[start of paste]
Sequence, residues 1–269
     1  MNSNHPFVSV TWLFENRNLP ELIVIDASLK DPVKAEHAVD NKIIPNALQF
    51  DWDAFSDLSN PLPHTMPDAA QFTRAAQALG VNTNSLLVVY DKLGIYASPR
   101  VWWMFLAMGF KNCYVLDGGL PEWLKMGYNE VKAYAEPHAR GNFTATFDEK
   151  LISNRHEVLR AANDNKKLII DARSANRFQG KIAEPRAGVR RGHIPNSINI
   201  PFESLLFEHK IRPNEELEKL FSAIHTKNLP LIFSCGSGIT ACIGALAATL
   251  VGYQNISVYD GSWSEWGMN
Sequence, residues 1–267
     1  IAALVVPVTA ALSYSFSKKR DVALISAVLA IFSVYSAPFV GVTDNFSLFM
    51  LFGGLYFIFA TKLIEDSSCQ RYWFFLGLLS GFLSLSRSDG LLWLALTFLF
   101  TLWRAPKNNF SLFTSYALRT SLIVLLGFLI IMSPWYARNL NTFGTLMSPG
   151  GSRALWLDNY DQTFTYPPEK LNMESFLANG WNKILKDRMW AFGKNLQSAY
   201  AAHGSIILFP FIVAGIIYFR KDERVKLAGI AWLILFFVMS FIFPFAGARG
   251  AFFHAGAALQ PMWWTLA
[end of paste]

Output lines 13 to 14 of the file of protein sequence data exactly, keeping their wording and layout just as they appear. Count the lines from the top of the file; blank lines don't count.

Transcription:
   201  AAHGSIILFP FIVAGIIYFR KDERVKLAGI AWLILFFVMS FIFPFAGARG
   251  AFFHAGAALQ PMWWTLA